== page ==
William Wyler's deserved reputation for turning literary stage works into top-notch movies (such as "The Little Foxes" and "The Heiress") was borne out early with the 1936 "Dodsworth," an adaptation from Sidney Howard's Broadway play based on the Sinclair Lewis novel.
Though a little dated at first by conventions of the era, "Dodsworth" quickly becomes a fluid, graceful film about a married couple in conflict. Its theme is serious and mature but never solemn. And scenes are typically dappled with light humor characteristic of the fabled "Wyler touch."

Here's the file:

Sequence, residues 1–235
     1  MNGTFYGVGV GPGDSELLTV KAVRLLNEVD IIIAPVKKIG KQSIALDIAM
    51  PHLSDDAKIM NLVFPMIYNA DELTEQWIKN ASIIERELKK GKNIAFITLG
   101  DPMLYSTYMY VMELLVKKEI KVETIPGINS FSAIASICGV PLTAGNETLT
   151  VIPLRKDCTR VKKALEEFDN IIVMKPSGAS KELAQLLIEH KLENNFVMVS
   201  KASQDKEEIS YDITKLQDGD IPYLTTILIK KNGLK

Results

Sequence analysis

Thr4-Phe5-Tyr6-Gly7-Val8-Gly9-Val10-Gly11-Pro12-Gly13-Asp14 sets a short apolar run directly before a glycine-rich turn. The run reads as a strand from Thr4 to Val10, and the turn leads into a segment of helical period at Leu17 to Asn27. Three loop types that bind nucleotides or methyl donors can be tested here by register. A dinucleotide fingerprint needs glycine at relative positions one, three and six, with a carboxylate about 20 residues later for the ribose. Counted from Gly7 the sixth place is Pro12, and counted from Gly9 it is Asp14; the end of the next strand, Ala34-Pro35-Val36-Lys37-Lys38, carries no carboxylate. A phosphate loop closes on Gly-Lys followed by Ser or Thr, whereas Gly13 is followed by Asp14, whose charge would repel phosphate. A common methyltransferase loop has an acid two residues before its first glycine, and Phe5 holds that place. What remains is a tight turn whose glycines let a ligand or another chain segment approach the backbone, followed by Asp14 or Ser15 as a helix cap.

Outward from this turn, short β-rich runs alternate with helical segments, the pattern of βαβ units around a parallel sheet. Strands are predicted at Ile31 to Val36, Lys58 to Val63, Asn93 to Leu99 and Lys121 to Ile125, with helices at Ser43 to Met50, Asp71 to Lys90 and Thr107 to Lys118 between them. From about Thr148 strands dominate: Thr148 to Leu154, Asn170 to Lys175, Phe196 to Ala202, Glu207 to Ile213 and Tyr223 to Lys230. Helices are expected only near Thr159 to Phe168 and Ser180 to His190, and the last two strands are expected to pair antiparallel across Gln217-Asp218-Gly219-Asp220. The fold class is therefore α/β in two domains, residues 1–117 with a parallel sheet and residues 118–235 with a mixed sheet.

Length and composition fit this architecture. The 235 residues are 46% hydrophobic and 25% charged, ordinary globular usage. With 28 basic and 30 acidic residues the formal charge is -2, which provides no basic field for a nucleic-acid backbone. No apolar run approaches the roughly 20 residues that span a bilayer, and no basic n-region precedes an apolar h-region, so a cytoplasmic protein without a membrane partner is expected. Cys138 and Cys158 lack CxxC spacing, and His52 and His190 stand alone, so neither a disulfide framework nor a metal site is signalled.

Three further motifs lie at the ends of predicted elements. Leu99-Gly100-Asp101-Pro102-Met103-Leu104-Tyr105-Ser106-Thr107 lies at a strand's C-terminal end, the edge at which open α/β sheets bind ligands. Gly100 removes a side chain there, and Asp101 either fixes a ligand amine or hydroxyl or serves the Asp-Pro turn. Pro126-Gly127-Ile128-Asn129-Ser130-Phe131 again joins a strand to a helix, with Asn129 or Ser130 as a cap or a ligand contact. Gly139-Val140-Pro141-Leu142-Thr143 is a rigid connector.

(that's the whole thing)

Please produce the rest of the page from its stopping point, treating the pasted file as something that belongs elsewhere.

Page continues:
What's more, the movie provides the chance to watch the great Walter Huston (father of John and grandfather of Anjelica) in one of his most celebrated and expansive roles, a repeat of the performance that more or less crowned his Broadway career.
You'll also catch a gracious Mary Astor in her pre-"Maltese Falcon" days at the height of her beauty, not to mention her charm; the former Paramount star Ruth Chatterton in a one-note "comeback" performance that demonstrates why her career couldn't be revived; Maria Ouspenskaya in a chilling cameo, and the young David Niven in one of his earliest Hollywood roles as a gay blade.